Following are texts associated with the chapter on "Social Realities.”

Texts include:

The Formation of Leftist Movements
The Decline of the Catholic Religion
Expo 67
Demanding Unionism
Following are texts associated with the chapter on "Social Realities.”

Texts include:

The Formation of Leftist Movements
The Decline of the Catholic Religion
Expo 67
Demanding Unionism

© 2011, Musée québécois de culture populaire. All Rights Reserved.

1968, an Eventful Year

The year 1968 was a year of protests. The Beatles sang Revolution and the Rolling Stones Street Fighting Man. Huge student demonstrations took place in Paris, Mexico, Tokyo and other major cities around the world. Many among them were suppressed violently. In the United States, protests against the war in Vietnam were rampant. Riots broke out in Chicago after the death of Martin Luther King. In Czechoslovakia, the Spring of Prague and the advent of socialism with a human face ended abruptly with the appearance of Soviet tanks in the capital. In Quebec, students brandished the flag of rebellion.

Student Associations Demand Free Education

The premises of this storm went back to the onset of the decade, when student associations expressed the wish to be consulted by school network management and demanded a freeze on tuition. For this initiative, old associations such as university associations in Montréal and Laval dating back to the first third of the 20th century joined more recent associations such as the Fédération des associations générales des Read More
1968, an Eventful Year

The year 1968 was a year of protests. The Beatles sang Revolution and the Rolling Stones Street Fighting Man. Huge student demonstrations took place in Paris, Mexico, Tokyo and other major cities around the world. Many among them were suppressed violently. In the United States, protests against the war in Vietnam were rampant. Riots broke out in Chicago after the death of Martin Luther King. In Czechoslovakia, the Spring of Prague and the advent of socialism with a human face ended abruptly with the appearance of Soviet tanks in the capital. In Quebec, students brandished the flag of rebellion.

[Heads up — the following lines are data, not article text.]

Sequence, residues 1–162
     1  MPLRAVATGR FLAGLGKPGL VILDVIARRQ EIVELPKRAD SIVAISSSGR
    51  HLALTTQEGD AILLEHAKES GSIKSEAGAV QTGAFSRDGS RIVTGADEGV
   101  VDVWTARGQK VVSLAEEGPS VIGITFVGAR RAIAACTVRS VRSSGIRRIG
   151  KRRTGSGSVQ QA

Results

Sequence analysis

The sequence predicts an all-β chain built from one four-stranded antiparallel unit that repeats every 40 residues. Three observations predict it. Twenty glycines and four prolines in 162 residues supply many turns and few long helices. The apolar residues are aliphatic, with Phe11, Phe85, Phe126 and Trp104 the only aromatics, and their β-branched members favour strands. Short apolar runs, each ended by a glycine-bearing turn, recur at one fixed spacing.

Student Associations Demand Free Education

The premises of this storm went back to the onset of the decade, when student associations expressed the wish to be consulted by school network management and demanded a freeze on tuition. For this initiative, old associations such as university associations in Montréal and Laval dating back to the first third of the 20th century joined more recent associations such as the Fédération des associations générales des collèges classiques du Québec (FAGECCQ) and the Union générale des étudiants (UGEQ), created in 1962 and 1964, respectively. A few years later (in 1966) they joined forces to demand free education.

October 1968: the Student Revolt

In 1968, the student movement in Quebec culminated in a massive strike at the CEGEPs (general education and trade colleges). In the early months of 1968, the revolt gained increasing momentum. The anger exploded in October. The general strike at the Lionel-Groulx de Sainte-Thérèse-de-Blainville CEGEP was the spark that set things off. Nearly two-thirds of all colleges (15 out of 23), high schools and a few hundred university students joined the movement. However, the great October revolt was only a flash in the pan, since a few weeks later everything returned to normal.